EEOC Says Hyatt Showed Bias in Its Ban on Cornrows
In a rare defeat for employers who try to dictate their workers’ appearance, the Equal Employment Opportunity Commission has ruled that Hyatt hotels engaged in racial discrimination by prohibiting black women from wearing their hair in cornrows.
The decision stems from the case of two Washington area women whose treatment by Hyatt prompted a national boycott campaign against the Chicago-based company, a mediation effort by Democratic presidential candidate Rev. Jesse Jackson and repeated protest rallies at Hyatt hotels. One of the workers lost her job, while the other was ordered to wear a wig at work.
Hyatt, which operates 91 hotels in the United States, insists that it has never had a nationwide policy banning cornrows, the tightly woven braids worn thousands of years ago by African women that are again popular among fashion- and culture-conscious blacks.
Nonetheless, the job-bias agency’s Baltimore office ruled early this month that there was evidence Hyatt had discriminated against black female employees and job applicants across the country.
As many as 1,000 women may have been victims of the ban on cornrows, according to Eric Steele, the attorney in Washington for Cheryl Tatum and Cheryl B. Parahoo, the two coffee shop workers who filed formal complaints. All could be entitled to cash settlements under terms of the commission decision.
Steele said Monday that the ruling sent a “clear message” to businesses and black women.
“Employers will know across the country that they cannot engage in this kind of discrimination,” Steele said. Black women, he added, will know “they have a right to come forth and show part of their heritage without worrying about being disciplined or discharged by their employer.”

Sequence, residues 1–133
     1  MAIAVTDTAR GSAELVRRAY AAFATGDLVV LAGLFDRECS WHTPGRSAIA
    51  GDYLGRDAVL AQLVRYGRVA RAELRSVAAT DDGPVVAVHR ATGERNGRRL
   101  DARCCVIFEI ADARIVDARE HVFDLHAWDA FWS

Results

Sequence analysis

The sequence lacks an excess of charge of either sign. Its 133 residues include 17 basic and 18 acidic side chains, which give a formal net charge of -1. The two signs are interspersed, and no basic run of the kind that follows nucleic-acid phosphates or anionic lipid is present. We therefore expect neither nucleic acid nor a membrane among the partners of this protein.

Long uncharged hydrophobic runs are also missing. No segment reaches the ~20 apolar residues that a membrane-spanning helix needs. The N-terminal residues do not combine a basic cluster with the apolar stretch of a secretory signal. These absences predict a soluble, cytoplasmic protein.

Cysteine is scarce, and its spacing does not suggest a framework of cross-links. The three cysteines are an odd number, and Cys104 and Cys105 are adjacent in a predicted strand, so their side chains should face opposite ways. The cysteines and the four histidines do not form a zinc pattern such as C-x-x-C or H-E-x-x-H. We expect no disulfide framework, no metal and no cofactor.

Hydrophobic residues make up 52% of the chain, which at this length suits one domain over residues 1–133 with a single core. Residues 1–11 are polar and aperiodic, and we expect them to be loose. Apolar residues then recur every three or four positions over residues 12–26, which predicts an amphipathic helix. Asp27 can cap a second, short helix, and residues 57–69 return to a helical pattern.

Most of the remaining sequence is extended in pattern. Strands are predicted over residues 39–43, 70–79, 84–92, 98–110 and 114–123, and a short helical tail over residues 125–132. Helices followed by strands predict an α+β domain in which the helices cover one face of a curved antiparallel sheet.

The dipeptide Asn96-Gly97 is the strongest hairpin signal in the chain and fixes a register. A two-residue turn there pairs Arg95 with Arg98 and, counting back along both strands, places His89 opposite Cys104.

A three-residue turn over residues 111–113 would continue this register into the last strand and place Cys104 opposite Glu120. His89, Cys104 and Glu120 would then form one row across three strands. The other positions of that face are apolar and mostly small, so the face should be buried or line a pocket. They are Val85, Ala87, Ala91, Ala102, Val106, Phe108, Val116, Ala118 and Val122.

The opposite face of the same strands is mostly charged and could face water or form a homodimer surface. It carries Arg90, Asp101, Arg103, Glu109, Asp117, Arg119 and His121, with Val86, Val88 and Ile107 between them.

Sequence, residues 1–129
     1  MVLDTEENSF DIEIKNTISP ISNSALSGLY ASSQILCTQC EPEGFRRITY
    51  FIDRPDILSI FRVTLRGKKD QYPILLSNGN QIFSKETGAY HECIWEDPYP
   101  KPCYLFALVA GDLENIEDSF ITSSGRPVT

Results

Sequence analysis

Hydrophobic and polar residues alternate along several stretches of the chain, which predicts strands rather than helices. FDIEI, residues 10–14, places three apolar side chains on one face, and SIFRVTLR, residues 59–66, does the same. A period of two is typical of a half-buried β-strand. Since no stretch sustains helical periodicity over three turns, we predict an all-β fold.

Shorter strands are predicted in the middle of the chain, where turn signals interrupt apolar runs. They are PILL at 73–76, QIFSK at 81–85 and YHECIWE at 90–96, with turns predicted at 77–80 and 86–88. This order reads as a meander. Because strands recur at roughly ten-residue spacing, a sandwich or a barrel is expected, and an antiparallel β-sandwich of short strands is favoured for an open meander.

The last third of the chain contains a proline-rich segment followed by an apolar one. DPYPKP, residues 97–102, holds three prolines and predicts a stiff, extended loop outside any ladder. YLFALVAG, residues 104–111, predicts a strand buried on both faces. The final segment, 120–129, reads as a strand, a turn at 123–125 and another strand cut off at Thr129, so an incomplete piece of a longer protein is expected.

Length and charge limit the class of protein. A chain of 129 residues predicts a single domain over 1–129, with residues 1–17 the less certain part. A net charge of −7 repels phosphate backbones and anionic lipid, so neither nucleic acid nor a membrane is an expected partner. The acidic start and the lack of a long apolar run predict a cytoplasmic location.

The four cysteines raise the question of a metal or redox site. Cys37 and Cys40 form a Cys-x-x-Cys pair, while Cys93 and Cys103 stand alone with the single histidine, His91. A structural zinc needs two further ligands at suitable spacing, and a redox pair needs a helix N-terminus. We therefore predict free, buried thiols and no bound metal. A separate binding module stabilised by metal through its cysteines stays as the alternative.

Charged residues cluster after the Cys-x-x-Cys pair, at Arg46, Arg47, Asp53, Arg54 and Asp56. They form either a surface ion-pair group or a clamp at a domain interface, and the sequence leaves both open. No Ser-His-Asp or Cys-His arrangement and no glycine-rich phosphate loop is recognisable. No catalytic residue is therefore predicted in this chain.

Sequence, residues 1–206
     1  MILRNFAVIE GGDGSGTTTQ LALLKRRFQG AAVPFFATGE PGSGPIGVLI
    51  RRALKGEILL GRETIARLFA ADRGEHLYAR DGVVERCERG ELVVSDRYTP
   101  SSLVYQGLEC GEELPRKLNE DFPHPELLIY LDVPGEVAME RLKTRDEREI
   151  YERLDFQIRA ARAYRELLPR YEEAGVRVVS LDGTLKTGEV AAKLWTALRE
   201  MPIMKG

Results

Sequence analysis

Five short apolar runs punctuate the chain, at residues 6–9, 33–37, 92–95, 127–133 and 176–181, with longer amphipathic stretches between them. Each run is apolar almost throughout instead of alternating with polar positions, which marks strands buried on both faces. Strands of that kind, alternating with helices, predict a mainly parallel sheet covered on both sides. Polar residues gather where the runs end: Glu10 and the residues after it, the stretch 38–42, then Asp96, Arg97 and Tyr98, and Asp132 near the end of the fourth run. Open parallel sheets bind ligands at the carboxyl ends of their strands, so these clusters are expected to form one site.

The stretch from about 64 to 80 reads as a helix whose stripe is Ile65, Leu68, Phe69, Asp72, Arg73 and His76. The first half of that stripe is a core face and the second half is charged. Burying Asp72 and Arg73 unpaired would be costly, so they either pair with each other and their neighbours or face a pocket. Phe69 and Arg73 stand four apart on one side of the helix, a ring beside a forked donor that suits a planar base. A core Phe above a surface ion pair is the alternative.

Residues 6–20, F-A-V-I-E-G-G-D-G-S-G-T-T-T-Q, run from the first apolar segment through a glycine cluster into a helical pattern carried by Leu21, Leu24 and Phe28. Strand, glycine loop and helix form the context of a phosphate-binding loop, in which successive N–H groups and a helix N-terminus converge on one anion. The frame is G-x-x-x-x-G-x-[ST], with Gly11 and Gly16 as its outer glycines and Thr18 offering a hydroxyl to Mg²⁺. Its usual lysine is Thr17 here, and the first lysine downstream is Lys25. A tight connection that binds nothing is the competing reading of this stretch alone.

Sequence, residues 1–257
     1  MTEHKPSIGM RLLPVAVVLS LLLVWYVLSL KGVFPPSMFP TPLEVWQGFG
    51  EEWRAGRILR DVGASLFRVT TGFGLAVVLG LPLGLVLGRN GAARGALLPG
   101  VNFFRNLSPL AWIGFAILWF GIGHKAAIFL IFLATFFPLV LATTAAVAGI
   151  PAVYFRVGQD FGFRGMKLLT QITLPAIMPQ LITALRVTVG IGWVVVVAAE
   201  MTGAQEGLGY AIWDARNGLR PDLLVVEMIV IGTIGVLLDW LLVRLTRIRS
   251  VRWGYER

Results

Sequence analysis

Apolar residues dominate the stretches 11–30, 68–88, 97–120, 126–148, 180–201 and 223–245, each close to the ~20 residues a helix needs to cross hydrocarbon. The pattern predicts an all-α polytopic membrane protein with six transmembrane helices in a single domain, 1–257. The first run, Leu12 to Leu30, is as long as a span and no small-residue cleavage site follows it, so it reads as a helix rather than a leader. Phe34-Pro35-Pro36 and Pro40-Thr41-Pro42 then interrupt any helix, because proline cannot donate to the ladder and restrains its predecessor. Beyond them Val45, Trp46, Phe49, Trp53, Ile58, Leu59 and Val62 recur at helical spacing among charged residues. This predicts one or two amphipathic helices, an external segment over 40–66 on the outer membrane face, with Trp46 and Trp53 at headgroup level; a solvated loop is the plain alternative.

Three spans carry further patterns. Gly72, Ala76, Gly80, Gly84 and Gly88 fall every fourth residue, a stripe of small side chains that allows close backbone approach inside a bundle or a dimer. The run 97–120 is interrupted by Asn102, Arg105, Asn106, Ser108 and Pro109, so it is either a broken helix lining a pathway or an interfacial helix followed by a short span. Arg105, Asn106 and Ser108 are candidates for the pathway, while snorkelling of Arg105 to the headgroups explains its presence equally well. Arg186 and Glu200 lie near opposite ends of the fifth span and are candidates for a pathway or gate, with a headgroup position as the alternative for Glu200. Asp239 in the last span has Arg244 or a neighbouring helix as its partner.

Hyatt Denies Bias
Amid protests by civil rights groups in Washington last August, Hyatt rescinded a no-cornrows policy at its new Grand Hyatt hotel and issued a chain-wide directive saying the company’s policy against “extreme or unusual hair styles” did not extend to cornrows.
In any event, Hyatt insists it has not shown bias against black women. “We’re not a company that engages in a pattern or practice of discrimination and we did not discriminate in those cases,” Julie Milsten, a Hyatt spokeswoman, said Monday.
While the ruling does not set a binding precedent, it is likely to be cited in court cases and state or federal discrimination claims as evidence that federal anti-bias laws protect cornrows as a distinctive expression of blacks’ cultural heritage.
As such, it represents one of the few limitations on employers’ generally unfettered freedom to dictate grooming and dress standards for their workers--a freedom that has led employers as diverse as Disneyland and Domino’s Pizza to impose strict grooming codes.
Under commission procedures, Hyatt soon will begin conciliation talks with Parahoo and Tatum. If an agreement on compensation cannot be reached, Steele said it was likely that he or the agency would file a class-action suit against the hotel firm seeking damages for anyone harmed by Hyatt’s cornrow policies.